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Cardiovascular effects of basal insulins

Authors Mannucci E, Giannini S, Dicembrini I

Received 30 October 2014

Accepted for publication 8 January 2015

Published 10 July 2015 Volume 2015:7 Pages 113—120

DOI https://doi.org/10.2147/DHPS.S43300

Checked for plagiarism Yes

Review by Single-blind

Peer reviewer comments 4

Editor who approved publication: Professor Shu-Feng Zhou


Edoardo Mannucci,1 Stefano Giannini,2 Ilaria Dicembrini1

1Diabetes Agency, Careggi Teaching Hospital, Florence, 2Section of Endocrinology, Department of Biomedical Clinical and Experimental Sciences, University of Florence and Careggi University Hospital, Florence, Italy

Abstract: Basal insulin is an important component of treatment for both type 1 and type 2 diabetes. One of the principal aims of treatment in patients with diabetes is the prevention of diabetic complications, including cardiovascular disease. There is some evidence, although controversial, that attainment of good glycemic control reduces long-term cardiovascular risk in both type 1 and type 2 diabetes. The aim of this review is to provide an overview of the potential cardiovascular safety of the different available preparations of basal insulin. Current basal insulin (neutral protamine Hagedorn [NPH], or isophane) and basal insulin analogs (glargine, detemir, and the more recent degludec) differ essentially by various measures of pharmacokinetic and pharmacodynamic effects in the bloodstream, presence and persistence of peak action, and within-subject variability in the glucose-lowering response. The currently available data show that basal insulin analogs have a lower risk of hypoglycemia than NPH human insulin, in both type 1 and type 2 diabetes, then excluding additional harmful effects on the cardiovascular system mediated by activation of the adrenergic system. Given that no biological rationale for a possible difference in cardiovascular effect of basal insulins has been proposed so far, available meta-analyses of publicly disclosed randomized controlled trials do not show any signal of increased risk of major cardiovascular events between the different basal insulin analogs. However, the number of available cardiovascular events in these trials is very small, preventing any clear-cut conclusion. The results of an ongoing clinical trial comparing glargine and degludec with regard to cardiovascular safety will provide definitive evidence.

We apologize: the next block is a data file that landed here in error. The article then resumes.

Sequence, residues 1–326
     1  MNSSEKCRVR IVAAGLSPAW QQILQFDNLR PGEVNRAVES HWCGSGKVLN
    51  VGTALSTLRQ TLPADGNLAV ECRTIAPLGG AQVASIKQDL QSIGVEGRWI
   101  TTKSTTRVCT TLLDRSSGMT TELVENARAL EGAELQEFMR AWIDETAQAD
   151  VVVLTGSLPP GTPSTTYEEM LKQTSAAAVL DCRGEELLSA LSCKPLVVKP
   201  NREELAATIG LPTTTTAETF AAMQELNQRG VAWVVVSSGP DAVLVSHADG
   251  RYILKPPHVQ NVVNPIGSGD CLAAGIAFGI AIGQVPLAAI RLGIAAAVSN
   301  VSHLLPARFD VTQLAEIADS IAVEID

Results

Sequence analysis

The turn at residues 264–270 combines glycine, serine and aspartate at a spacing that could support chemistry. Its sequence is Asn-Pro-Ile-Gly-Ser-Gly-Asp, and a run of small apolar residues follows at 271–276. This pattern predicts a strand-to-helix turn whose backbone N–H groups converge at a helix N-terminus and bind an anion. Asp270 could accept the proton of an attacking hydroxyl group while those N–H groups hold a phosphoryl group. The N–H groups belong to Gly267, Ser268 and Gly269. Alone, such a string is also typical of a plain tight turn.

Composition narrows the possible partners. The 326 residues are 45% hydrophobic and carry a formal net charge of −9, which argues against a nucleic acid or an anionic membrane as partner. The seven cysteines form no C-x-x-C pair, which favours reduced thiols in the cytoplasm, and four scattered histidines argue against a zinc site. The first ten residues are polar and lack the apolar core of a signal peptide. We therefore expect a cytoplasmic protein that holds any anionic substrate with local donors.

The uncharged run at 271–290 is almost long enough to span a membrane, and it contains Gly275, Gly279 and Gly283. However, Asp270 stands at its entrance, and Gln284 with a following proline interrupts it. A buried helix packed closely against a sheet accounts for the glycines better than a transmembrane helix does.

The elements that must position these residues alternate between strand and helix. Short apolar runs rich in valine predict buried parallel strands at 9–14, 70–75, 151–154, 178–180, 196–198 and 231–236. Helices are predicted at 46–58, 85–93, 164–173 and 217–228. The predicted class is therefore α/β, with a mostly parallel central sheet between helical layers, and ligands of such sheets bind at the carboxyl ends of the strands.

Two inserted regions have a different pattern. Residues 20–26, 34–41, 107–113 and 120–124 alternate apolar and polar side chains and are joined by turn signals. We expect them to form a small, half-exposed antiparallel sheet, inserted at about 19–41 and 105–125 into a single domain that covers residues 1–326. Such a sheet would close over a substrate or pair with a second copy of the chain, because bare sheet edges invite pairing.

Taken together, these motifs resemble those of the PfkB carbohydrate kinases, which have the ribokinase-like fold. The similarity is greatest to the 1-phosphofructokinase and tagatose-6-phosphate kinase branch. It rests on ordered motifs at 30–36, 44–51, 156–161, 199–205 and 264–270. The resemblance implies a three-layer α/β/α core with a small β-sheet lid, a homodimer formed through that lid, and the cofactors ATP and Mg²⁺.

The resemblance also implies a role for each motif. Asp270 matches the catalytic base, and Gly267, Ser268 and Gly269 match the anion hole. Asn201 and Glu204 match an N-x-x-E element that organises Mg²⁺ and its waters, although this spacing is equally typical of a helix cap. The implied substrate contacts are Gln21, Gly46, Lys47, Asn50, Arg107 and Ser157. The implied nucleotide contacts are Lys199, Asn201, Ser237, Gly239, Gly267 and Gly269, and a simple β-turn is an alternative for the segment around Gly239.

Keywords: basal insulin, cardiovascular effects, long-acting insulin analog, cardiovascular risk

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